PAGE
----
Owners of short-term rentals, like those posted on sites like Airbnb, will now have to get a business license to continue operating in Auburn.
During Tuesday night’s City Council meeting, the Council approved an ordinance creating a category for business licenses specifically for short-term rental owners. Short-term rental owners in approved zones will have to pay a business license fee of 0.25% of the total revenue generated by the rental.
The ordinance was approved in a 7-1 vote. Ward 5 Council member Steven Dixon abstained from the vote, and Ward 4 Council member Brett Smith voted no.
“The reason I’m voting in favor of this is not because I’m in favor of short-term rentals or the amended ordinance that passed,” said Ward 3 Council member Beth Witten. “I think it’s very important that we provide the proper tools and processes. For that reason, I’ll be in favor for this piece of the process.”
When the amendment is enforced, short-term rentals will be regulated more like other businesses. City Manager Megan Crouch said the City needed these codified guidelines so they can tell owners in zones where short-term rentals are prohibited to cease operation and to tell owners of properly zoned short-term rentals to obtain a license, as the previous lack of guidelines made it unclear whether they needed one.
Crouch said the City will start sending letters to owners soon, informing them to obtain a license or stop renting their residence within 30 days, depending on the zoning of the property. After 30 days, the City will send another letter to owners who don't comply before more strict enforcement begins.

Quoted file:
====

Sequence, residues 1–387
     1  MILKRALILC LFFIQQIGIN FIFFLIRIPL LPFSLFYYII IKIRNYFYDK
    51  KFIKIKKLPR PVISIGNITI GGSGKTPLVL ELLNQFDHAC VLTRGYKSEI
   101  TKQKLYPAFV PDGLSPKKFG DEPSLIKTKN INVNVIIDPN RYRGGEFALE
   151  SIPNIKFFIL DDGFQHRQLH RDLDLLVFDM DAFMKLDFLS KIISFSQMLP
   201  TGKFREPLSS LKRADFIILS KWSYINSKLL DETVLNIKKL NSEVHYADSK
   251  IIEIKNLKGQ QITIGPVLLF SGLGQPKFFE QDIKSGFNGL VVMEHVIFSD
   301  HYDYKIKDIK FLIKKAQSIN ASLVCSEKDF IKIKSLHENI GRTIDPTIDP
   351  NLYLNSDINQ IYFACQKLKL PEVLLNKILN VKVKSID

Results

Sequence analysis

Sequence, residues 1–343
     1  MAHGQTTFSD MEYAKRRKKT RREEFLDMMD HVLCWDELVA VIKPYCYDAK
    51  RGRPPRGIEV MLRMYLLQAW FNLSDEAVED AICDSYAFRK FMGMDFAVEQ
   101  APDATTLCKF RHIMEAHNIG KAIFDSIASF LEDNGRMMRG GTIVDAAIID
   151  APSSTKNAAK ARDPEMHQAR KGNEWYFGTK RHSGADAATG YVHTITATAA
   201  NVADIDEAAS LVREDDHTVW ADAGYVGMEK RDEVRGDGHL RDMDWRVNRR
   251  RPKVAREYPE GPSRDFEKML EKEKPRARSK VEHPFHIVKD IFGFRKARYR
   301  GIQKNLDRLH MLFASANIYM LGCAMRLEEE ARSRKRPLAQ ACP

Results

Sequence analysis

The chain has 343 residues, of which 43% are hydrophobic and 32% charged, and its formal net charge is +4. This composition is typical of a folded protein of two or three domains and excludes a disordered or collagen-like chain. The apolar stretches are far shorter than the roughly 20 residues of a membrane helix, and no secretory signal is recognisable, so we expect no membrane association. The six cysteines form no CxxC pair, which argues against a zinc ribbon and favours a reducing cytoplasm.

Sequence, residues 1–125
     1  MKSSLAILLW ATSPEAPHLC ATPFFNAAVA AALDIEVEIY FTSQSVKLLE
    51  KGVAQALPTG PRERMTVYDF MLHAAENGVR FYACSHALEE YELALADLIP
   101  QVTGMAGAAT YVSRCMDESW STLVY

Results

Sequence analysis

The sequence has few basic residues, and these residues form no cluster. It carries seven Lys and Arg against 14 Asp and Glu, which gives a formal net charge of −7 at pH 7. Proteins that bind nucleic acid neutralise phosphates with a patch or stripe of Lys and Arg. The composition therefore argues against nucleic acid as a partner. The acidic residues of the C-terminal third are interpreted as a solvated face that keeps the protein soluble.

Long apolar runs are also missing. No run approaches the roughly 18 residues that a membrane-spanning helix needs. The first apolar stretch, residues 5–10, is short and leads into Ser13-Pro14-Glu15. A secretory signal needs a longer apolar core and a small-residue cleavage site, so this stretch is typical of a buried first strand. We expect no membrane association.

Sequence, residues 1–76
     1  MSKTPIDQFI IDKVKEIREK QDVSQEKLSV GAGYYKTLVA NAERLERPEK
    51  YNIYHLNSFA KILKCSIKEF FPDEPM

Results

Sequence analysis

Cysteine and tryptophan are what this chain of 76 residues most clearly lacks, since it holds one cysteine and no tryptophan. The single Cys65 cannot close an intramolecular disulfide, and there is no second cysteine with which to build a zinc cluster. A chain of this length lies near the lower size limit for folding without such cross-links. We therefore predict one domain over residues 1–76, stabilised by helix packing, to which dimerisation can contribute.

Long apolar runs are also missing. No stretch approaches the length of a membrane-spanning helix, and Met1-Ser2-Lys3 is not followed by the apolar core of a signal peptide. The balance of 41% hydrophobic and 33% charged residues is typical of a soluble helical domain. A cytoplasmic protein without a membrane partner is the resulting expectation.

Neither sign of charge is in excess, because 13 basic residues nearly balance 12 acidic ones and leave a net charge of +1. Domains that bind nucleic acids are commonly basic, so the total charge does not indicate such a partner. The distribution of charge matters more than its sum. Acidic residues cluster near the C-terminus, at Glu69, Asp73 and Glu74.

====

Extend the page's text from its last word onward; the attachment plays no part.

Violations of the recently adopted short-term rental regulations will follow the fine structure of other zoning laws, costing the violating owner $500 per day in violation or six months in prison per day in violation, Crouch said. The decision between the fine and prison sentence will be left to the judge.
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Concerns have been raised about compliance with new regulations during football season, when many owners rent their residences to out-of-town guests, Crouch said, as there were reported issues over graduation weekend which the City has been unable to penalize. Crouch said the City will continue to enforce regulations during game weekends, bringing in more staff members to assist in doing so.
A 2012 case from the Alabama Court of Civil Appeals, Slaby v. Mountain River Estates Residential Association Inc., held that short-term rental operations are not commercial use and therefore do not need to be regulated like businesses. Based on this case, Smith, who is a practicing attorney, opposed the amendment out of caution.
"What we're doing is we're regulating it as commercial use, so I think it potentially opens the door for litigation if someone wanted to do that," Smith said.
When discussing a new sign for the Boykin Community Center, Ward 1 Council member Connie Fitch-Taylor asked that Crouch explain the importance of the sign. Crouch said that it will promote various functions within the complex on an LED board.
“[The sign will] promote all that’s going on from a City of Auburn lens for board and commission meetings, workshops, events [and] what the public needs to know,” Crouch said. “We have a lot of activity at the Boykin Community Center. We have a number of citizens who have their children in daycare there, we have workout facilities, a gymnasium, senior programs, a new library kiosk … we’re doing a lot of things there.”
Community groups will not be able to advertise on the sign, Crouch said. It will be used exclusively to promote City meetings, events and road construction. The sign was unanimously approved.
Reporting for this story was contributed by Evan Mealins.
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